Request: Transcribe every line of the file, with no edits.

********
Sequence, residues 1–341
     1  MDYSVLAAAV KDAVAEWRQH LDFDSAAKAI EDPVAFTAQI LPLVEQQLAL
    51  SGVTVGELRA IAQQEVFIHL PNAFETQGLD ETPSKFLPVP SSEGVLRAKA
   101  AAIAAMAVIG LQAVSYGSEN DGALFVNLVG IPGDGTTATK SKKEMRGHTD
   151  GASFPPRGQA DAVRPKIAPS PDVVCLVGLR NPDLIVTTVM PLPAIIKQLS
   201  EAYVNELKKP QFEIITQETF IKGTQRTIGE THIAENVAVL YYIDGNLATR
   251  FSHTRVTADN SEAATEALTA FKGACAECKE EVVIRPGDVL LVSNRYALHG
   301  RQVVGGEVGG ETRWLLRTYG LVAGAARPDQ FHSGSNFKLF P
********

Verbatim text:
Sequence, residues 1–341
     1  MDYSVLAAAV KDAVAEWRQH LDFDSAAKAI EDPVAFTAQI LPLVEQQLAL
    51  SGVTVGELRA IAQQEVFIHL PNAFETQGLD ETPSKFLPVP SSEGVLRAKA
   101  AAIAAMAVIG LQAVSYGSEN DGALFVNLVG IPGDGTTATK SKKEMRGHTD
   151  GASFPPRGQA DAVRPKIAPS PDVVCLVGLR NPDLIVTTVM PLPAIIKQLS
   201  EAYVNELKKP QFEIITQETF IKGTQRTIGE THIAENVAVL YYIDGNLATR
   251  FSHTRVTADN SEAATEALTA FKGACAECKE EVVIRPGDVL LVSNRYALHG
   301  RQVVGGEVGG ETRWLLRTYG LVAGAARPDQ FHSGSNFKLF P